As Egypt uprising inspires Middle East, Iran sees biggest protests in a year
Gene Thorp/The Washington Post
Tuesday, February 15, 2011
TEHRAN - Violent protests erupted in Iran, Yemen and Bahrain on Monday as the revolutionary fervor unleashed by the toppling of Egyptian President Hosni Mubarak rippled across the Middle East, propelling people onto the streets to demand change from a spectrum of autocratic regimes.
In the tiny island kingdom of Bahrain, home to the U.S. Navy's 5th Fleet, thousands of demonstrators marched to call for reforms to their hereditary monarchy and clashed with police, who fired tear gas and rubber bullets. In Yemen, a key U.S. counterterrorism ally, government supporters armed with sticks and knives attacked pro-democracy demonstrators calling for the ouster of the country's dictatorial president, in the fourth straight day of protests in that troubled Arab nation.
But it was in a non-Arab country, Iran, that the fallout from Egypt's uprising seemed to be most acutely felt. In Tehran, large crowds of protesters defied tear gas to march down a major thoroughfare, chanting "Death to the dictator." It was the biggest demonstration in the Iranian capital since the government effectively crushed the opposition movement in December 2009.
The crowds, which numbered in the tens of thousands, suggested that the seemingly cowed Green Movement that emerged to challenge Iran's theocratic regime after disputed elections in June 2009 had been inspired by the success of Egypt's revolutionaries. Many protesters wore green ribbons, the symbol of Iran's opposition movement.
In Washington, Secretary of State Hillary Rodham Clinton praised the Iranian demonstrators, saying White House officials "very clearly and directly support the aspirations" of the protesters. She also accused the Tehran government of hypocrisy for claiming to support pro-democracy demonstrators in Egypt while squelching dissent at home.
Clinton's comments appeared to signal a shift in tone by an administration that previously refrained from directly endorsing the Iranian opposition out of fear that U.S. support would backfire on the protesters.
"We think that there needs to be a commitment to open up the political system in Iran to hear the voices of the opposition and civil society," Clinton told reporters after a meeting with lawmakers on Capitol Hill.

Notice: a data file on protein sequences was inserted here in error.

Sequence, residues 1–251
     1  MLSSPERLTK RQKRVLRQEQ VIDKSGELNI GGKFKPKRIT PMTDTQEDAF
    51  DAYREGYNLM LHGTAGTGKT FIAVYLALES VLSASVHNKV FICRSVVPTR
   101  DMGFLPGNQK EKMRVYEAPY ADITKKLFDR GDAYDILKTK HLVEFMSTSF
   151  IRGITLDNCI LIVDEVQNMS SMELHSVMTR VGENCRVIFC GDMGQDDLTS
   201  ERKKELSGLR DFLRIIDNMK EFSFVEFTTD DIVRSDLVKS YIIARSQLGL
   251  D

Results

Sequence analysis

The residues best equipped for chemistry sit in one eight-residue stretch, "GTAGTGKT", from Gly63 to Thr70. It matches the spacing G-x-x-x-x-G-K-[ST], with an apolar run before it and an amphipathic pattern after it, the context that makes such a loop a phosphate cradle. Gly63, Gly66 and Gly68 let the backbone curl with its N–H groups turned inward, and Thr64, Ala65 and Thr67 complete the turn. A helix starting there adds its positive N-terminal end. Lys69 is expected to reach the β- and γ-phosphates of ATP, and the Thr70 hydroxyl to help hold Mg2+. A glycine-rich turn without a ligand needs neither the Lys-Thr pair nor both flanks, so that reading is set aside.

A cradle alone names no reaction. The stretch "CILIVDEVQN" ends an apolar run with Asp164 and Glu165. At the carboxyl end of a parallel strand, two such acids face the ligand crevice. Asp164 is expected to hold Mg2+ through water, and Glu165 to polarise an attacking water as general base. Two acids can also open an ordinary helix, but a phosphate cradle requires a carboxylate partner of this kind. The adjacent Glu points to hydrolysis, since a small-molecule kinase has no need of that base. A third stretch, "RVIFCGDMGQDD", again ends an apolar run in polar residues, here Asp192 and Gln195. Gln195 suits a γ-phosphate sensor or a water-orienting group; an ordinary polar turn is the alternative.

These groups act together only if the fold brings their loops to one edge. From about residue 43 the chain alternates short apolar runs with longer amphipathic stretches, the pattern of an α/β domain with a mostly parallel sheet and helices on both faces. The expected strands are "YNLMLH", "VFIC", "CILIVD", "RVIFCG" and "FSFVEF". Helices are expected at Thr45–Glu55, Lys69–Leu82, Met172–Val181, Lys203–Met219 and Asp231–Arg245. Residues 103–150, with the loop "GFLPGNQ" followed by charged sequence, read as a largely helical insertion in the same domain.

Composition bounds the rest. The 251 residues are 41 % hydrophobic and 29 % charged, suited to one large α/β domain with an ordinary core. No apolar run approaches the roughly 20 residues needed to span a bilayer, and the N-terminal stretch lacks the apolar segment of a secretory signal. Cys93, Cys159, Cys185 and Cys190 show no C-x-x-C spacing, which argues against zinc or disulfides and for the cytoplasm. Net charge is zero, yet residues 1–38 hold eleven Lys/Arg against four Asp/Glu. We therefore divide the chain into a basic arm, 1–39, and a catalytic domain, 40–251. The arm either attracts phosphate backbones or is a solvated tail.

'We are here for Iran'
Throughout the day in Tehran, people converged on Azadi, or Freedom, Square in the heart of the city, the symbolic epicenter of the protest movement that brought millions of people out on the streets in the summer of 2009. Some witnesses said the Monday protests drew more than 100,000 people.
The demonstration had been called more than a week in advance by Mir Hossein Mousavi, the de facto leader of the opposition movement and former presidential challenger. Mousavi was placed under house arrest Monday, opposition Web sites said, joining another opposition leader, former parliament speaker Mehdi Karroubi, whose house arrest was reported by the sites Thursday.
Police were deployed in smaller numbers than usual in the morning, enabling protesters to gather, and at one point in the afternoon, as the numbers swelled, the security forces appeared to retreat, witnesses said. But by nightfall, as more and more people converged, there were reports that members of the feared pro-government Basij militia had taken to the streets on their trademark motorcycles and were beating demonstrators with batons.
The semiofficial Fars News Agency reported that at least one person had been killed and several wounded in a "shooting incident" connected with the protests, and there were reports of violent clashes in other Iranian cities.
Iran has had strained relations with Egypt since the birth of the Islamic republic in 1979, after a popular uprising against the U.S.-backed shah that many in Iran and beyond have compared to the revolution in Egypt.